Why we can't see atoms under an optical microscope? - JavaLab

Why we can’t see atoms under an optical microscope?

Why we can't see atoms under an optical microscope?

The process by which we see objects is based on light. Therefore, the resolution of object recognition depends on the light. Just as a tool must be precise to open a precise machine.
How can we define the size of light? There is no clear definition of the light's size, but usually, the wavelength or wavelength/2 of the light is defined as the size of the light.
For example, suppose there are two points. If the distance between these two points is closer than half the wavelength, what would the two points look like? No matter how precise optics are used, you do not recognize that the two points are apart from each other.
In other words, the resolution of a microscope is limited by the wavelength of light. The shorter the wavelength, the more detail you can observe.

The wavelength of visible light is about 400 to 700 nm. By comparison, atoms usually have a diameter of about 0.1 to 0.3 nm. Even with simple calculations, the size difference is more than a thousand times. Therefore, visible light cannot see the structure of the atom.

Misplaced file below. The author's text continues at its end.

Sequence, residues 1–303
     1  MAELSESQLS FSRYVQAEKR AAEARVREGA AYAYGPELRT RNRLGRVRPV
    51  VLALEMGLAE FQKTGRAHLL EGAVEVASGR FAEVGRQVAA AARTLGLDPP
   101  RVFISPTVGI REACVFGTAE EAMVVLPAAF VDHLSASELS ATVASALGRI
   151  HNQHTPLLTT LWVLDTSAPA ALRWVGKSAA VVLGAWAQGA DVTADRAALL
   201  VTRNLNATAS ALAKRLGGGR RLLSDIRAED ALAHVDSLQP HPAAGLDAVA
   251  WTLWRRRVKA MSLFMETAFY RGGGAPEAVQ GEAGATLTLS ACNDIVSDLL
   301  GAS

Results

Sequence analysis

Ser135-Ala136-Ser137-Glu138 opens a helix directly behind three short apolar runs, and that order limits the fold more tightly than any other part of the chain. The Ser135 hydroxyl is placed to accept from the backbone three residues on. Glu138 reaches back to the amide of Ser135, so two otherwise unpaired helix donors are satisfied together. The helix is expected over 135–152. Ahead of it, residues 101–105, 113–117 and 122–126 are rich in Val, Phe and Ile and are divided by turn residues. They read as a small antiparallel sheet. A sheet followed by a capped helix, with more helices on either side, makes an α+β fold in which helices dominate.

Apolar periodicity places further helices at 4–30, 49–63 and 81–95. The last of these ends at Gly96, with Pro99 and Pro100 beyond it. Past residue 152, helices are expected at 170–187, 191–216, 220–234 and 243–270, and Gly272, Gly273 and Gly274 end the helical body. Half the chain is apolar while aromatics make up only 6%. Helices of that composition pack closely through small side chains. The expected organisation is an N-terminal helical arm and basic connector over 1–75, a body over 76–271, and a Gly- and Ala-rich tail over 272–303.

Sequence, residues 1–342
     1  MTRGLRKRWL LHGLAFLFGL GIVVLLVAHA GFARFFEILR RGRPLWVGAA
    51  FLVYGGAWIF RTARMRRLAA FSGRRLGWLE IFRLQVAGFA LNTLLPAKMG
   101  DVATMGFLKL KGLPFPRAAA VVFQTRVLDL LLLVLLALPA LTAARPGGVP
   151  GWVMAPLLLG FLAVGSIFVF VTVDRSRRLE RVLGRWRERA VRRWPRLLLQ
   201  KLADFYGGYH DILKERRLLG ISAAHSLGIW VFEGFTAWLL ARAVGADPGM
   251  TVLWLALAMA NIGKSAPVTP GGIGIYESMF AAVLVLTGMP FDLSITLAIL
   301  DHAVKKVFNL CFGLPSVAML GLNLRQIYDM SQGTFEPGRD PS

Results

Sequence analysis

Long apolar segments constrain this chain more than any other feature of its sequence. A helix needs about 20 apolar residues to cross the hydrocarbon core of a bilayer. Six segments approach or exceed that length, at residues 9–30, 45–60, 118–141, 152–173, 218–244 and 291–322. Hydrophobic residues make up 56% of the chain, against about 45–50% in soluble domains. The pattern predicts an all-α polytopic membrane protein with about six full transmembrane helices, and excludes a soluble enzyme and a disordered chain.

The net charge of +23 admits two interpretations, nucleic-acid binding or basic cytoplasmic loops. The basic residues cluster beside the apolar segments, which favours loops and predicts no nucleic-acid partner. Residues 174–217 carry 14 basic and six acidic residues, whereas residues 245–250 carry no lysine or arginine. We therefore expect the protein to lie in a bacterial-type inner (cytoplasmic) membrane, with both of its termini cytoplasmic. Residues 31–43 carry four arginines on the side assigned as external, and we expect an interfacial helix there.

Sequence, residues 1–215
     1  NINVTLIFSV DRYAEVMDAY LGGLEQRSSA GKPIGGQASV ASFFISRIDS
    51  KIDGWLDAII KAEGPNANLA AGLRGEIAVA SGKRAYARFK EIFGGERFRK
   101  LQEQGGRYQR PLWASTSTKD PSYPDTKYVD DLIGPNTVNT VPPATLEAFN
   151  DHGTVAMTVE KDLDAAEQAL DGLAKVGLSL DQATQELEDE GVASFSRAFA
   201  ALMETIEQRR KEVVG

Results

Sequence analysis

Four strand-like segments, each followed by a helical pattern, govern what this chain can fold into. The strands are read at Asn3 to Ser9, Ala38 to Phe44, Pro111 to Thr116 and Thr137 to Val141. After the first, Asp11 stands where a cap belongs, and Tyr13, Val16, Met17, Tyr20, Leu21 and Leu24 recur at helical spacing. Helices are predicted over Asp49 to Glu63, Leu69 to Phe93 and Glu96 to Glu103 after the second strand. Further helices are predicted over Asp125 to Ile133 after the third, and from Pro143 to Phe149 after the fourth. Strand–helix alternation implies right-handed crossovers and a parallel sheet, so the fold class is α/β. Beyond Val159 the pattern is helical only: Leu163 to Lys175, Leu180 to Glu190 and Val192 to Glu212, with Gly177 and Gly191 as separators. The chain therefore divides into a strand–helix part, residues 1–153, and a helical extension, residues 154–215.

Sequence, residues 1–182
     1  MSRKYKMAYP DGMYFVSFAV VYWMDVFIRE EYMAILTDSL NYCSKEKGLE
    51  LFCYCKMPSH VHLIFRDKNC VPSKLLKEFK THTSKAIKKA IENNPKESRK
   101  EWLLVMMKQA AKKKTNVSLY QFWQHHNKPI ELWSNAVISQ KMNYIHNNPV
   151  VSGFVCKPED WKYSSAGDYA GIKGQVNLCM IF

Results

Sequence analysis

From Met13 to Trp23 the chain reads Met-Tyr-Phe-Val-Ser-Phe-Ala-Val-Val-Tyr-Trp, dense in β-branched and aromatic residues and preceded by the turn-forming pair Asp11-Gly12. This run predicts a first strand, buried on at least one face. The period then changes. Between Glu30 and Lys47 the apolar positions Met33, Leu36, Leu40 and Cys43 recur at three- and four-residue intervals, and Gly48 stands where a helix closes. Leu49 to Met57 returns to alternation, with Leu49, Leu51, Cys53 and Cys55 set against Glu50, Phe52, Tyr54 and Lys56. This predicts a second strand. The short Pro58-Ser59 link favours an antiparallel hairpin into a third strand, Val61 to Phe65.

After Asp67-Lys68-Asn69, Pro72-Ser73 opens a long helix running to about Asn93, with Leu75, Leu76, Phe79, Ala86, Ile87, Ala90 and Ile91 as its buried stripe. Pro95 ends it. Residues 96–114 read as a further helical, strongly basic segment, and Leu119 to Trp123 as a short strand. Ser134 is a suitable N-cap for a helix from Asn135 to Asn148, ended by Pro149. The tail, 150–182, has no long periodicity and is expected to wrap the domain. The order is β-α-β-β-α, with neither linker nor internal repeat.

It's like giving the doctor a hammer to suture a small wound.

Smoothness of objects

No matter how smooth the surface, it will be bumpy when you zoom in on the atomic level. Seeing smooth in our eyes means smooth in the light.
Normally, if the distance of the bumpy portion from the material's surface is less than 1/8 of the wavelength, very little diffuse reflection occurs. And, you can say that this surface is smooth.
So, surfaces that looked smooth may not be smooth with short wavelengths of light.

There is a dish antenna made of wire mesh. In our eyes, it appears to be a hole drilled through. If we throw the ball and it will just pass through. But the radio waves that this antenna sends and receives cannot pass through this wire mesh. Even the radio waves are totally reflected by the wire mesh and collect in a centrally located transceiver.

The wavelength of radio waves for long-distance communication is usually more than 100m. It has a very long wavelength. With this long wave, the wire mesh antenna no longer looks like a wire mesh but a smooth dish.

If you compare light to wheel

The caterpillar of the tank and the scooter wheel can be compared to the light of long wavelength and short-wavelength, respectively.
Because of the caterpillar that surrounds the wheel, the tank can pass through the bumpy ground.
For scooters, the wheels are so small that they follow the bumpy surface of the ground.